How to guarantee memory access orthogonality without atomics?
|[Date Prev][Date Next][Thread Prev][Thread Next][Date Index][Thread Index]|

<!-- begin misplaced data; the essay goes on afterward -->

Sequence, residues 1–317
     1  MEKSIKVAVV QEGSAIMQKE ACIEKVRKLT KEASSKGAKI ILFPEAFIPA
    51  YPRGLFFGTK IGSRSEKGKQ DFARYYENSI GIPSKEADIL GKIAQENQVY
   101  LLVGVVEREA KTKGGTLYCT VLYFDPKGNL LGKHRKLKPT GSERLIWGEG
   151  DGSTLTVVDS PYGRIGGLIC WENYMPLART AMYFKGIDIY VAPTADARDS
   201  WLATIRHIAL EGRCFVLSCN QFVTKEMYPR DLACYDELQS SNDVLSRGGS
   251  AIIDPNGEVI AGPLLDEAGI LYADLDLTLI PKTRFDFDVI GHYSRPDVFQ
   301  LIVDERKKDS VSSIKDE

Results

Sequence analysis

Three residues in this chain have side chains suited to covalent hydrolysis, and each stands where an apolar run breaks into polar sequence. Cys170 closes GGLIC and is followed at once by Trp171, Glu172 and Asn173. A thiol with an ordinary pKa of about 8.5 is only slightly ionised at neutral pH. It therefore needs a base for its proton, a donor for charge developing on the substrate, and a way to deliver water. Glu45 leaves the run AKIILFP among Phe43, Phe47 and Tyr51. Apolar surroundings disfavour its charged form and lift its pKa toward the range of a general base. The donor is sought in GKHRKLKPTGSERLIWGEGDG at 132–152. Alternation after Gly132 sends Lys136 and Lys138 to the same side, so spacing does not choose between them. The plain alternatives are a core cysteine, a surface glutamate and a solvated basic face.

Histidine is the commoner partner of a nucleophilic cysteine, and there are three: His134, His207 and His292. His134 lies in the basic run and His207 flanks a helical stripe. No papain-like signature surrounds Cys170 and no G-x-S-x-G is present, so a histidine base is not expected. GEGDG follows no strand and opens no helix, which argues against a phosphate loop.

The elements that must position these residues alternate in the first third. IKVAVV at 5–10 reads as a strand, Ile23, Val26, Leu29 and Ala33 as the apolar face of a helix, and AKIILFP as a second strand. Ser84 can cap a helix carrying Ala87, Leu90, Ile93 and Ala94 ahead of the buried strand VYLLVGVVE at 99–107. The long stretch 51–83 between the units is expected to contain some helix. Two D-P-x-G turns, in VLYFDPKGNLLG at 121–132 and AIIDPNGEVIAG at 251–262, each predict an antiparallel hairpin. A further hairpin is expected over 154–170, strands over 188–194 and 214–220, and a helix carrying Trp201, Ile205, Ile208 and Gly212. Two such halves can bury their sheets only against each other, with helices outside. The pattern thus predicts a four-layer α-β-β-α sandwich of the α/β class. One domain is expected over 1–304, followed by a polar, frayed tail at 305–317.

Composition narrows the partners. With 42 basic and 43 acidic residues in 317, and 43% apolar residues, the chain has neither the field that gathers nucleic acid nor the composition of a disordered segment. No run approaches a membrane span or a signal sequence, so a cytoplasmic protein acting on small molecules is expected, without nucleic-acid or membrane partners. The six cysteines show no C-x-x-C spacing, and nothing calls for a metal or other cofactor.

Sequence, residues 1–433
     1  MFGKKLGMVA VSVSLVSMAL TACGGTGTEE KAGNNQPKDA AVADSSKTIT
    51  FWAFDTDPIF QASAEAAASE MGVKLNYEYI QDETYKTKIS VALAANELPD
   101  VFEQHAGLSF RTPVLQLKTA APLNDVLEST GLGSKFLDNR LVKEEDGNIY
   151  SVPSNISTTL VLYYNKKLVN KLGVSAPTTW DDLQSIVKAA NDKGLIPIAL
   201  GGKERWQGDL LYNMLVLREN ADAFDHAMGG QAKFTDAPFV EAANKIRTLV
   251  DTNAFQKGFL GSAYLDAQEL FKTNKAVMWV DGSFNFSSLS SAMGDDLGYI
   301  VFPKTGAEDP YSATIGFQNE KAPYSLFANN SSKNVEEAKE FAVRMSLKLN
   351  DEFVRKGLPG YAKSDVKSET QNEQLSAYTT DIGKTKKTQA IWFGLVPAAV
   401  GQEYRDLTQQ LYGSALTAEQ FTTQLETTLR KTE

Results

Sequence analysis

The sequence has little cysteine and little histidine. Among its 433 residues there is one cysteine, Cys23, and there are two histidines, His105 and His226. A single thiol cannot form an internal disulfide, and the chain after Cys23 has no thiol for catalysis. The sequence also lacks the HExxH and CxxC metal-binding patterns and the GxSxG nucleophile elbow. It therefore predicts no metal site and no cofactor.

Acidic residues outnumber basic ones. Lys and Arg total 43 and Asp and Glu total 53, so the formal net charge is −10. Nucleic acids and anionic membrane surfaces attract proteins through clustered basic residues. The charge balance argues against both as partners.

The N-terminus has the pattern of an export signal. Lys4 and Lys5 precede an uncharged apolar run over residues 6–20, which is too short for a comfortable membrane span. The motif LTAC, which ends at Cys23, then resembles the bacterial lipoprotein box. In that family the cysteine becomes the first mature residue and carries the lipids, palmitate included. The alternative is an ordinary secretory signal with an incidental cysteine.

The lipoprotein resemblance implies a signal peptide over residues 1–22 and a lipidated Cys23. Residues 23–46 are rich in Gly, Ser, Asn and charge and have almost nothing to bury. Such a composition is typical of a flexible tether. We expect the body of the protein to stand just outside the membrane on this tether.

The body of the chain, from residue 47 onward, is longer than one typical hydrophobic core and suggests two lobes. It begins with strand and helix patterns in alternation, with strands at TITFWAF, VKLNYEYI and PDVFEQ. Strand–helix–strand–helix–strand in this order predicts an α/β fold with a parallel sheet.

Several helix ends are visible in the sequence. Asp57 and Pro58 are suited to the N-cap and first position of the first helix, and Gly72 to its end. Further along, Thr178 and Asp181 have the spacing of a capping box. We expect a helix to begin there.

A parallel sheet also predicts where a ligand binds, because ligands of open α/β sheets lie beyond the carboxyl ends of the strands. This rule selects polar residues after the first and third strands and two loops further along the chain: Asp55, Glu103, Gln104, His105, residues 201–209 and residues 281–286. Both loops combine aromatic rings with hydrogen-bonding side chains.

Dear GCC experts, I'm trying to find the answer to this question about the way that C11 (or for that matter, C99) does (not) guarantee the thread-orthogonality of various memory accesses in a cross-platform manner. Suppose I have integers (in the abstract sense, not necessarily (int)s) X and Y. They are both aligned on P-bit boundaries, such that the X appears exactly Q bits before Y. (P and Q are generally powers of 2 and equal, but not necessarily.) How do I find the minimum values of P and Q, in a cross-platform manner, such that accesses to X and Y will never affect one another due to a race? It may seem obvious that if X and Y are anything at least as large as a byte, then this will simply never happen. But I'm not so sure because: -- It's conceivable that someone could design a very efficient chip in which it was assumed that no variables belonging to different threads could ever share a cache line, and presumably C99/C11 could be implemented on such a chip. While I could access individual bytes, I could not access the same cache line in different threads without creating a race. So I'd somehow need to preempt this possibility by ensuring sufficient distance between variables belonging to different threads. (Or maybe one just couldn't implement C on such a chip, so it's a moot issue.) -- I know I can use all the atomic data types in C11. I don't want to do that, because it explicitly forces single-threadedness. What I'm trying to accomplish here is guaranteed thread orthogonality by virtue of sufficiently large (a) memory alignment and (b) memory access granularity. -- Empirically, using unpacked (struct)s doesn't accomplish the goal because the unpacking granularity is below the maximum CPU word size. -- Empirically, (malloc)ing orthogonal memory regions for different threads does in fact accomplish the goal, at high expense due to allocation overhead and pointer dereferencing, as opposed to straightforward array indexing. -- I'm particularly worried that memmove(), memcpy(), or some other builtin will try to be efficient and move large chunks of data at a time, without realizing that the source or destination alignment is unfriendly to such chunk size. This could result in read-modify-write conflicts with neighboring thread domains. -- Assuming that P and Q can be found, then it looks like a major pain to try to enforce this at build time, i.e. where's the pad-struct-to-mulitiple-of-Q macro? I suspect that there's a rule somewhere that makes all this simple and clear. I've tried searching, but all I find are comments about atomic data types and not doing stupid stuff like assuming timing consistency. Please chime in if you can offer insight (or even if you know that I'm sunk because there is no such guarantee and it's all hardware-dependent). Veiokej